While ChatGPT is an AI-powered language model trained on a vast amount of data, it's important to note that it may not always provide accurate or up-to-date information since the tool is not updated in real time. This may lead to errors or inaccurate results when performing tasks. Moreover, ChatGPT may not always be able to distinguish between reliable and inaccurate information, which could lead employees to make decisions based on misleading or incorrect information. For instance, if ChatGPT provides inaccurate information in response to a customer query, it could lead to customer dissatisfaction and harm the company's reputation.
Inaccurate/outdated information from ChatGPT could have far-reaching consequences for businesses, making it crucial to ensure that employees understand the limitations of this tool and use it judiciously. While ChatGPT can be an effective tool that streamlines workflows, it's important to validate its results and cross-check them with human expertise to ensure accuracy and reliability.
3. Copyright infringement
Using ChatGPT to generate responses to user queries might also be dangerous in regard to copyrights. The language model’s development relies heavily on internet data, and some of this data may be subject to copyright laws. Imagine a scenario where ChatGPT uses copyrighted content to generate responses to user queries. This could lead to copyright infringement, which could result in a costly lawsuit or infringement claim.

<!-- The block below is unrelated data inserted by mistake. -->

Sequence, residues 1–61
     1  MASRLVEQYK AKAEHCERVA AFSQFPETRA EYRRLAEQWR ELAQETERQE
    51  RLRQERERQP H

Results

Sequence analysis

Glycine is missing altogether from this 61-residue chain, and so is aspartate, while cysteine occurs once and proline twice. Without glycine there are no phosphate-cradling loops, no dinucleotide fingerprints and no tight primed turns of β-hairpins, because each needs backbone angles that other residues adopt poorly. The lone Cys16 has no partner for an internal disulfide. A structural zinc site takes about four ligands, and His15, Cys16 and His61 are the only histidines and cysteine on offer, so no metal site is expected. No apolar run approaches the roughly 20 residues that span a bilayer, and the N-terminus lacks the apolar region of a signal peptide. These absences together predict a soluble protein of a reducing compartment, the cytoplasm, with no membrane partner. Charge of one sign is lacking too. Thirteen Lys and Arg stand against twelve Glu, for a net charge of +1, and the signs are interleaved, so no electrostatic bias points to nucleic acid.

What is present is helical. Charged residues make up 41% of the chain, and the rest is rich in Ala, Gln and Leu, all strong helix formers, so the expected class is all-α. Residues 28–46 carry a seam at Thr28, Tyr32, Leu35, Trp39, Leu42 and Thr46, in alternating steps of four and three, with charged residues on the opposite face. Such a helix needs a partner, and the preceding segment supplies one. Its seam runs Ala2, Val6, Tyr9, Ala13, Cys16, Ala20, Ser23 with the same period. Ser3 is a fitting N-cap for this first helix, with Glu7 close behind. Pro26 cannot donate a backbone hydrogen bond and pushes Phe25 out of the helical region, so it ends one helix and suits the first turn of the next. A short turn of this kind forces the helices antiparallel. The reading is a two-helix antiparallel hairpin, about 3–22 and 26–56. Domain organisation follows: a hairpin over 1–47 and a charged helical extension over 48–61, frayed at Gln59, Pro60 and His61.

It’s important to understand that it's not just the employee who's at risk here; the employer can also be held liable for any copyright infringement committed by its employees. For instance, an employee’s use of copyrighted images, text, or any other protected content could breach the owner's exclusive rights and lead to a legal nightmare. If the breach is discovered, the copyright owner could file a lawsuit against both the employee and the employer responsible for the infringement.
Thus, employers should ensure that they comply with copyright laws, or they might find themselves and their employees navigating a minefield that nobody wants to face.
4. Inherent bias
There is also a growing concern about potential biases that may be ingrained in ChatGPT. After all, the tool learns from the data it is trained on, leaving room for potential unintentional biases to creep into its algorithms. These biases could affect how ChatGPT responds to user queries and trigger legal consequences. Moreover, if employees rely on ChatGPT for decision-making processes such as hiring or promotion tasks, the system's biases could result in discrimination claims.